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3. Are preschools available? Day care? Are these expensive? What has been your experience with them, if any? Do the schools provide before- and/or after-school care?

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4. Are local sports classes and/or activities available for kids?

The American School has an active swim program.

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Expat Life:

1. What is the relative size of the expatriate community? How would you describe overall morale among expatriates?

A few thousand expats (mostly French) with multinationals and embassies.

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2. What are some typical ways to socialize, either with local people or with other expatriates? Are there groups or clubs that you can recommend?

Home parties, Marine House events, and trips to beach resorts and historical sites.

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3. Is this a good city for single people? For couples? For families? Why or why not?

Currently, the State Department allows only non-school-age children at post. It seems like a good city for singles and couples. There are a lot of small restaurants, sites to see, and beautiful beaches.

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4. Is this a good city for LGBT expatriates? Why or why not?

This is a "Muslim-lite" country with strong French influences, so I suspect that gay and lesbian expats would have fewer challenges here than in other North African and Middle Eastern nations.

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5. Are there problems with ethnic, race/racial minorities or religious prejudices? Gender equality?

Oddly, I saw very few dark-skinned Africans in Tunis and almost no East Asians. It reminds me of pre-war times in Iraq, which was once called "the Germany of the Middle East". In other words, many of the low-paying jobs in Tunis are held by Tunisians, and that is not the case in other Middle Eastern nations. Although official statistics claim that Tunisia is 98 percent Muslim, other religions appear to be acceptable. I doubt that 98 percent figure, too, especially with the ever-present French influence.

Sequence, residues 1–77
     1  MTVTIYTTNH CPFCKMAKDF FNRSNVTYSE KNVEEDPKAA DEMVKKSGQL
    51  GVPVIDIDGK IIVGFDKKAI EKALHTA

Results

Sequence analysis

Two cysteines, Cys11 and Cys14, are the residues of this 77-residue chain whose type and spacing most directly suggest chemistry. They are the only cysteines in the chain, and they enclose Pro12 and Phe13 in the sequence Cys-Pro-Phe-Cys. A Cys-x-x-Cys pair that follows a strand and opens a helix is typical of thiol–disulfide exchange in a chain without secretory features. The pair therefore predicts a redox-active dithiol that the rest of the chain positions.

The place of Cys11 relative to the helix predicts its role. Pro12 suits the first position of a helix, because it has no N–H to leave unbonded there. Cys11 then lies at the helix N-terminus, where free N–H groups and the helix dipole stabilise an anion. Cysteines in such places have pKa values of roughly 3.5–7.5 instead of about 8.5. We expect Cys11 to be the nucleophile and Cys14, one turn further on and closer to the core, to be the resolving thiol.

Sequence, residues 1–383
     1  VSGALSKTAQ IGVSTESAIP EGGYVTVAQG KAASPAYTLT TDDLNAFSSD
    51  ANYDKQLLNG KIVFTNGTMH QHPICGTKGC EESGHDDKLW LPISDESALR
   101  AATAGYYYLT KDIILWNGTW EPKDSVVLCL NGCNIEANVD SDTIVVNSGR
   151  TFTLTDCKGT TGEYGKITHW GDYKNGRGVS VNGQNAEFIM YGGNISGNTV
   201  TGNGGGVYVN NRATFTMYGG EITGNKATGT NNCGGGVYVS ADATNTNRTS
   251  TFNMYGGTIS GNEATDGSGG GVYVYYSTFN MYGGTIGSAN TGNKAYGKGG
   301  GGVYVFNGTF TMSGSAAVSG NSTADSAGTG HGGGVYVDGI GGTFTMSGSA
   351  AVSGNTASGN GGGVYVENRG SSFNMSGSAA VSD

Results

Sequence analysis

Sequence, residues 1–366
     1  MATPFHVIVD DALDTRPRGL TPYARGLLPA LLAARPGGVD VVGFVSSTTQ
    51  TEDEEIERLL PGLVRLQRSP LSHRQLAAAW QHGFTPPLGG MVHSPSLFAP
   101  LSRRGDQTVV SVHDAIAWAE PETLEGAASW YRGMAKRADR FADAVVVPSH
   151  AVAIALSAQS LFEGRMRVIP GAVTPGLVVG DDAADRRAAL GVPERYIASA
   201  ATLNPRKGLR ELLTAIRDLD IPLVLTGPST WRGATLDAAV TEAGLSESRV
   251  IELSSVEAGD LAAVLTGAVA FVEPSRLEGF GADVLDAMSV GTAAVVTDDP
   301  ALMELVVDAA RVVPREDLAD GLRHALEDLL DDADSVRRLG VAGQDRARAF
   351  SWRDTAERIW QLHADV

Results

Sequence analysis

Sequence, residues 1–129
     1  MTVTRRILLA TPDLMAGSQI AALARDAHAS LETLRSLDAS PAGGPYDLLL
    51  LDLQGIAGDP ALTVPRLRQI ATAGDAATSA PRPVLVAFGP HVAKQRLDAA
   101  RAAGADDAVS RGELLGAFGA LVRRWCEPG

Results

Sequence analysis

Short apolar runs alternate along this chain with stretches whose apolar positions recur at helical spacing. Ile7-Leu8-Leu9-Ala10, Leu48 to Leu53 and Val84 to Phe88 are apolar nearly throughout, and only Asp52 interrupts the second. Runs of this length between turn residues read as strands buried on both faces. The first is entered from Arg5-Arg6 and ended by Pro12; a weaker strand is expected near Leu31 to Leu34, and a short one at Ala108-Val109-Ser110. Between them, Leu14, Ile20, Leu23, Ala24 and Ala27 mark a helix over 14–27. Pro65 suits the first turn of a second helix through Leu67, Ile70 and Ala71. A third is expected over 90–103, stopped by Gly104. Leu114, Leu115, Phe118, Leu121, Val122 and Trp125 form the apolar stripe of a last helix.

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6. What have been the highlights of your time in this country? Best trips or experiences?

Nice beaches, hotels, and restaurants. The medina (souk) is the place to shop.

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7. Is this a "shopping post"? Are there interesting handicrafts, artwork, antiques, or other items that people typically buy there?

Pottery, scarfs, and antiques.

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8. What are the particular advantages of living in this city?

Fantastic history dating back thousands of years, French-Arabic mixed culture, nice weather for most of the year.

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9. Can you save money?

Yes. There is currently a 25-percent danger pay bonus and a 15-percent hardship differential.

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Words of Wisdom:

1. What do you wish you had known about this particular city/country before moving there?

How French it is!

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2. Knowing what you know now, would you still move to this city?

Yes. It is a surprisingly wonderful country and capital -- much nicer than expected!

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3. If you move here, you can leave behind your:

Snow shovel.

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4. But don't forget your:

Sunscreen and French language training.